This is a popular question when people make food for their dogs and when it’s asked on social media the opinions fly. Belief systems are sometimes presented as facts, so let’s simplify 😊
The two most recognized ‘fats’ are omega 6 and omega 3. Both are essential, meaning the body can’t manufacture them so they must come from dietary sources.
Trying to balance the omega 3 and 6 content based on prey animals or historical feeding may be interesting, but unrealistic. There is no way to go back in time and see what fatty acid composition a prey animal may have had, nor are we able to duplicate it today even if we wanted to. Most of us are feeding farmed animals, so even those with access to pasture are consuming a vastly different forage from years gone by. Soil composition affects crops which affects the animals eating them and finally, the animal (dog or human) that consumes it. Add a global economy to this and you can see the possible variables.
Unless the diet is based on fish, you will need to add a source of omega 3 fatty acids. Best bet: fish oils. Top notch: Wild salmon oil so your dog gets the benefit of the antioxidant, astaxanthin. You can use flaxseed oil if your dog doesn’t tolerate fish oil, but the body needs to convert it to omega 3. People do it easily. Dogs, not as well. You may need to use more of it.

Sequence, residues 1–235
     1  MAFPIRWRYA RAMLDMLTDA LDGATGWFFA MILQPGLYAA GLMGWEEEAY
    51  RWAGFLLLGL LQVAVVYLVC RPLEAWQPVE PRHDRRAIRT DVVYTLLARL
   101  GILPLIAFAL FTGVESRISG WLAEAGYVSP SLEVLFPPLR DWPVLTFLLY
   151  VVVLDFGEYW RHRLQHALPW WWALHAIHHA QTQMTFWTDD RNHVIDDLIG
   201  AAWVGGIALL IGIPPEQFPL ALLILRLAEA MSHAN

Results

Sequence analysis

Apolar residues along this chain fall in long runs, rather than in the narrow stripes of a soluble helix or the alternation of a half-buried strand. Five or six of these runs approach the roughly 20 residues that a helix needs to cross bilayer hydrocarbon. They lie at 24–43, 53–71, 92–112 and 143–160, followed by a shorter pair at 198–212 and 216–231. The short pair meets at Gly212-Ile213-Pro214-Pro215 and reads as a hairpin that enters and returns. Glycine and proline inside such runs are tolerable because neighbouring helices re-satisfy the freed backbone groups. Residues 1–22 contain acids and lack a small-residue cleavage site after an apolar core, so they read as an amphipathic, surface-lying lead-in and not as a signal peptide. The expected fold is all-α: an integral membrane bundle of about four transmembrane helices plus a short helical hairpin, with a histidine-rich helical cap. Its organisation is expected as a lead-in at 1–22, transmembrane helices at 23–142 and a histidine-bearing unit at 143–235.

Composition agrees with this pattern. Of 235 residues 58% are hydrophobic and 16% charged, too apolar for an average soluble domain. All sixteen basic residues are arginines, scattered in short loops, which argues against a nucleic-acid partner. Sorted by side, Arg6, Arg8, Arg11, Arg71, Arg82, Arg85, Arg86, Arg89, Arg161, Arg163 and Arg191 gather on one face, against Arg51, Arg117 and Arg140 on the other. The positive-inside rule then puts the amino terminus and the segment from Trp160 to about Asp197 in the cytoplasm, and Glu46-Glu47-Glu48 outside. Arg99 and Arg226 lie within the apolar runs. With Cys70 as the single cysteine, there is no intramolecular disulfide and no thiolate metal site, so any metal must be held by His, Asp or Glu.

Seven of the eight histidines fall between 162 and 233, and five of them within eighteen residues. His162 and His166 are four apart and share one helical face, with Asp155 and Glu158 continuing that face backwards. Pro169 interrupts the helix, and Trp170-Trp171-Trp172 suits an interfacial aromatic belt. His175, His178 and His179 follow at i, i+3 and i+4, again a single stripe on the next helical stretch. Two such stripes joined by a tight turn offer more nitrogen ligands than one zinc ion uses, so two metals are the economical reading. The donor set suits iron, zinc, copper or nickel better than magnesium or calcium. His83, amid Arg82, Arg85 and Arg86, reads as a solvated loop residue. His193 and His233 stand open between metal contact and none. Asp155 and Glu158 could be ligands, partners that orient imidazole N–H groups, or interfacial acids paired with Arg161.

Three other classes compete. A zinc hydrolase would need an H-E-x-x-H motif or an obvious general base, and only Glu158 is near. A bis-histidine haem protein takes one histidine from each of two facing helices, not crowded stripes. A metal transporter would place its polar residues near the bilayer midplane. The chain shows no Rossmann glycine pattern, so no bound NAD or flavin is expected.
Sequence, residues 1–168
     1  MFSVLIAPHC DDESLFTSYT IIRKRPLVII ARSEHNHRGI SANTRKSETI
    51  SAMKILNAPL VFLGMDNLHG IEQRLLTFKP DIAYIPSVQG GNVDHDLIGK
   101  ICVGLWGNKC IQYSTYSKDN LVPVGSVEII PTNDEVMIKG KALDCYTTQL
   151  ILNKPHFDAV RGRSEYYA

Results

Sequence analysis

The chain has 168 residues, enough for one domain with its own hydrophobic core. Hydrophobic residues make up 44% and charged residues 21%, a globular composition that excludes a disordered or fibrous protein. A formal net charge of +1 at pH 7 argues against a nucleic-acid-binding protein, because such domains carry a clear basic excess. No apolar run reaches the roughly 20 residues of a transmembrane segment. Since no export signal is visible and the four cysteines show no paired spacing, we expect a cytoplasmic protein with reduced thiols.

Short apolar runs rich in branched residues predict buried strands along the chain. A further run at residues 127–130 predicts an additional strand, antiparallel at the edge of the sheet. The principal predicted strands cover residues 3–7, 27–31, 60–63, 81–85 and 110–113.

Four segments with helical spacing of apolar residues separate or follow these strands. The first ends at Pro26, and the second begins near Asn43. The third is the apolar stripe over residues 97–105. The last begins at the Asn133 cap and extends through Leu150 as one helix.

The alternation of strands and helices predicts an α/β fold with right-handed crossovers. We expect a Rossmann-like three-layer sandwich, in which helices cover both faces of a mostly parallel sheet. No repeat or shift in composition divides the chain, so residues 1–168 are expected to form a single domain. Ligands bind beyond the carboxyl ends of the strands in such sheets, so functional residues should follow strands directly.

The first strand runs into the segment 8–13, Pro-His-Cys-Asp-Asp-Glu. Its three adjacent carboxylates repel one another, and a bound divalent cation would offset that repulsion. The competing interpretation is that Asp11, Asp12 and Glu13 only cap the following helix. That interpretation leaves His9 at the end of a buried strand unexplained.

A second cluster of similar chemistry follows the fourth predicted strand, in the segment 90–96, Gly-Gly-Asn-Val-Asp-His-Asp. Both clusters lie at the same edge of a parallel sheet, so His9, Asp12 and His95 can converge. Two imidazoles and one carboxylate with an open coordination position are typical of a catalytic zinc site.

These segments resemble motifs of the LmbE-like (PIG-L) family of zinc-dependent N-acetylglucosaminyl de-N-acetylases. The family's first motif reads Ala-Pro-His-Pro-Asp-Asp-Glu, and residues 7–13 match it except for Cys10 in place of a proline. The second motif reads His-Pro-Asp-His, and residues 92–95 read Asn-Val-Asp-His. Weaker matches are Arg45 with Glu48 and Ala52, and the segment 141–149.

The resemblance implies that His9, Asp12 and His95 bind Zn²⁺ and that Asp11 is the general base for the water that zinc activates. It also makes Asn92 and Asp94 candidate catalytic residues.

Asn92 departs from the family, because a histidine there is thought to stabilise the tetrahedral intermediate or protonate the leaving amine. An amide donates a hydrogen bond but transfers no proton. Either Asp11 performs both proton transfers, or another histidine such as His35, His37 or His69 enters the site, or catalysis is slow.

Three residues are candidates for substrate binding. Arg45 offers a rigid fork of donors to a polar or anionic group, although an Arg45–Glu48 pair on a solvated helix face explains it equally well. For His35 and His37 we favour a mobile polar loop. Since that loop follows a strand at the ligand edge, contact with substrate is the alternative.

Fish based diets will lack omega 6 fatty acids, and so can meat and poultry-based diets. We analyze diets daily and see the results, so we feel confident in suggesting that focusing only on omega 3 creates a poor fatty acid profile. Plant based oils are a great source of omega 6 but they’re not all created equal. We like Flora, certified organic sunflower oil best. Use this code to receive a discount if this is your first order with iherb. http://iherb.com/?rcode=SEG722
Lastly, although coconut oil may have a place in diets for some dogs, it doesn’t contain omega 3 or 6 and should not be used in lieu of those other oils.